Cross-examining a witness is a skill which is neither easy nor too difficult to embrace. To be a good criminal defence lawyer you have to learn the “curves” the hard way. You may spend some time observing or assisting senior counsel but at the end of the day, you have to experience it yourself and try your best to brush up your cross-examination skills if you are given the opportunity to do so.
As a comparison, civil lawyers’ work might be 90% preparation and documentation, while another 10% in court. For us, it is the contrary – 10% preparation and the remaining 90% in court. This makes criminal litigation enjoyable and alluring as it involves the element of spontaneity, wit and to a certain extent, drama.
To begin with, I divide a criminal defence lawyer’s style in conducting cross-examination into 2 broad schools of thought:
- the “gentleman’s style”. The lawyer will try to be friendly with the witness, pacifying or praising him/her until finally he/she will agree to everything that is suggested to him/her.
- the “nail on the coffin style”. The lawyer will grill the witness confrontationally, and will try to corner the witness without even giving a chance to the DPP to re-exam the witness.
More often than not, both styles are fused depending on the level of co-operation by the witness, and how he/she answers the questions.
Having attended the BERSIH assembly trial for the past two days with fellow counsel, I noticed that there are a few things which we have encountered which might have been done in a better way. My view here is in no way to teach anyone or to criticise fellow counsel who have been doing a great job, not to mention making personal sacrifices. It is more to share my own experience as well as my personal view on certain issues.
Firstly, there may be some confusion to the terms “put” (katakan) and “suggest” (cadangkan). Some lawyers might think that both terms have the same meaning and some even use both terms in one single question. Counsel should only “put” a question when counsel is absolutely sure that counsel is able to support the question with evidence at the defence stage in the event defence is called. Normally, it is used to put forth the defence version of events at the prosecution stage of the case. The term “suggest” is normally used in respect of facts or contention that the defence is unable to bring forth by evidence, or where guesswork on the facts is done.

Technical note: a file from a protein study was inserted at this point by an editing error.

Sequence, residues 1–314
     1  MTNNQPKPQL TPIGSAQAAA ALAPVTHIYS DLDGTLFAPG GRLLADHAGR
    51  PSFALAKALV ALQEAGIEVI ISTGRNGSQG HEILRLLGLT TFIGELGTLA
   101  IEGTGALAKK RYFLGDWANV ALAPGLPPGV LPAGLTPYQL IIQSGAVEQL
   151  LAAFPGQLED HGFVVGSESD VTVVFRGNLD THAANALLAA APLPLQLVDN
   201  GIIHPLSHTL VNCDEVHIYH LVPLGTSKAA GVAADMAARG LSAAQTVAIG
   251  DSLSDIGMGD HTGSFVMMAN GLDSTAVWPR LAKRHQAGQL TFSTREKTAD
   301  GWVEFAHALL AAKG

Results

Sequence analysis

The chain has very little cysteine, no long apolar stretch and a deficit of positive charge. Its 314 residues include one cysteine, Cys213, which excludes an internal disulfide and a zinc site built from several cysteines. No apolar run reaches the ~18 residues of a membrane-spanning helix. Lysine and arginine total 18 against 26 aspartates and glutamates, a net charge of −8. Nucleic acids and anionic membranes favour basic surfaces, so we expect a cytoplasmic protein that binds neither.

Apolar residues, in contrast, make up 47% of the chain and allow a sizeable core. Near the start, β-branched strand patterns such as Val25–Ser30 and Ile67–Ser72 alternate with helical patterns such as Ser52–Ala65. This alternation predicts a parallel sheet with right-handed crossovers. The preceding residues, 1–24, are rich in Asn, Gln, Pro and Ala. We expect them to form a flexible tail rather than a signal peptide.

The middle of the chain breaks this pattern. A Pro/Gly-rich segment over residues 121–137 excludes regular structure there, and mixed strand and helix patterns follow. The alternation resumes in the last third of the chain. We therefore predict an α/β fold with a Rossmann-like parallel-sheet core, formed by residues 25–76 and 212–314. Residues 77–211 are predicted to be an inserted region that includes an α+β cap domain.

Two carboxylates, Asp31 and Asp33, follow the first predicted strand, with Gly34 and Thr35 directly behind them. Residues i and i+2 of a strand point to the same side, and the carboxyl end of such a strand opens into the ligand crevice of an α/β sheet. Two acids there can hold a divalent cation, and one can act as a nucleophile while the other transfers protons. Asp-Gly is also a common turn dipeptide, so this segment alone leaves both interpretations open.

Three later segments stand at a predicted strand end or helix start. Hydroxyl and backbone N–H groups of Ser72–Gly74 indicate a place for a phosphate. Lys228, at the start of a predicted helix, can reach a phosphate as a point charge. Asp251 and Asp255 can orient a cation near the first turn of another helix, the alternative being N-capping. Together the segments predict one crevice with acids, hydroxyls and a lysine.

Secondly, on the issue of raising objections. At the outset, I totally disagree that a lawyer should raise objections for the sake of objecting. In other words, to “stir the waters”. An objection must be accompanied by sound reasons and underlying principles of law that counsel strongly believes is in his/her favor. It shows that counsel is prepared, articulate and sound in law. Sometimes, it may not be worth it to object as the exhibit, for instance, which the prosecution intends to tender is in the accused’s favour. Further, if counsel is up against a senior DPP like Anselm Charles Fernandis, counsel must be extra careful in taking objections for the simple reason that he might easily reply and show that counsel knows nothing on the objection.
Thirdly, the same goes for cross-examination. Counsel should not be asking questions for the sake of asking questions. A case is not won by how many questions are asked or how long cousnel’s cross-examination took. It depends on the quality of counsel’s questions. Counsel should always ask “loaded questions”. A loaded questions is one where the witness is caught by answering in the affirmative or otherwise – he/she will look stupid if he/she agrees or he/she will be considered a lousy officer if he/she disagrees.
Fourthly, a criminal trial for me is like “war”. It is essential to have a plan and to strategise. You cannot just bulldoze or use “Prebet Adam’s style” here. A criminal defence lawyer must master 3 things before he/she engages in war:
- Know your facts from client and also from the prosecution.
- Know the charge and its ingredients.
- Study the law that is of relevance to the case.
Fifthly, the issue whether to ask or not to ask a question. I agree that a good lawyer must possess sufficient experience, skill and intelligence. But it does not mean that a newcomer cannot perform as well. The trick is to think for a moment before you ask a question. The most vital question to ponder is: what is the reason for this question? Will the answer be favourable to the accused? Or will the answer damage the defence in the event the witness disagrees with defence contention? These are the questions which need to answered first.
That is why we are puzzled why certain lawyers do not ask too many questions, for instance, Karpal Singh and Gurbachan Singh. It is because they ask only pertinent questions and leave the rest for submission. After all we do not want to give too much away to the DPP to rectify the evidence in re-examination. The trial might be less dramatic but hey, isn’t our goal to win the case?
With these five observations, I rest my case and hope to receive feedback from you. Wassalam.
Ariff’s observations is based on his own experience, and association with senior DPPs and defence lawyers throughout his career as DPP prosecuting alleged criminals. He saw the light and joined the Bar. Rightly so.